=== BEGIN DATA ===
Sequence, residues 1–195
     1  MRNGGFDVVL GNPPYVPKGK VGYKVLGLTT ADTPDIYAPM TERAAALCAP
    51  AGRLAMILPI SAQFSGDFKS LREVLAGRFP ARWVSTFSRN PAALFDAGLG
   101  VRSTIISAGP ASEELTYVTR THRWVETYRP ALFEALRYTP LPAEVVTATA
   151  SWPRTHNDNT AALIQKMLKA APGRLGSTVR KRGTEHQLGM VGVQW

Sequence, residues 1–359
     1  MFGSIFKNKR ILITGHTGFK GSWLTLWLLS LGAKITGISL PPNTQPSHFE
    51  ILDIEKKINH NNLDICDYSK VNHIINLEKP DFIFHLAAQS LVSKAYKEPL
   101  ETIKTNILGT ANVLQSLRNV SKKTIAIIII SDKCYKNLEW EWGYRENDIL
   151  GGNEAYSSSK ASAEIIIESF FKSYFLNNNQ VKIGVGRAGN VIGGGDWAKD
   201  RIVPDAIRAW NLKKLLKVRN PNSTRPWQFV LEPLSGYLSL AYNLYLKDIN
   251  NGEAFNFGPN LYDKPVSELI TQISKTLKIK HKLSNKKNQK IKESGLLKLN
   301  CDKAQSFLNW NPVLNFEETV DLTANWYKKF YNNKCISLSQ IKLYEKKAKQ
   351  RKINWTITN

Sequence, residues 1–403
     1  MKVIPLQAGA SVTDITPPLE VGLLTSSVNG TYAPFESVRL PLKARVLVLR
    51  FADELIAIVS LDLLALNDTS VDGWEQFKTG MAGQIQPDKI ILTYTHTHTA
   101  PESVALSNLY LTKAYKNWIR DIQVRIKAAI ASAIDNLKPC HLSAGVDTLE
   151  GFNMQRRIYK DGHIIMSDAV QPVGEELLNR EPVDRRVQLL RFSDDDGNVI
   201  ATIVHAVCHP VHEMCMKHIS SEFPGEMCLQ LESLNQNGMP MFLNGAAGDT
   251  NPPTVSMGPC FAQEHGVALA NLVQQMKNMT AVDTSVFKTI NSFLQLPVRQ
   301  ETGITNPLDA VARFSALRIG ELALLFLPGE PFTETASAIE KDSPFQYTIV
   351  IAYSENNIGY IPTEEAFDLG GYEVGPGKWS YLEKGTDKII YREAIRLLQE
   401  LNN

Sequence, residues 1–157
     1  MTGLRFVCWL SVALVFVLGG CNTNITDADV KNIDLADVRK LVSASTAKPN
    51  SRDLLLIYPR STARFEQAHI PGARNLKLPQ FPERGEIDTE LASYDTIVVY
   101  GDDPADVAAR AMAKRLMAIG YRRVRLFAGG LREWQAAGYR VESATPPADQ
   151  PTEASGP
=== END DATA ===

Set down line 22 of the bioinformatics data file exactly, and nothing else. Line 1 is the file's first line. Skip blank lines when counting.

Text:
   301  ETGITNPLDA VARFSALRIG ELALLFLPGE PFTETASAIE KDSPFQYTIV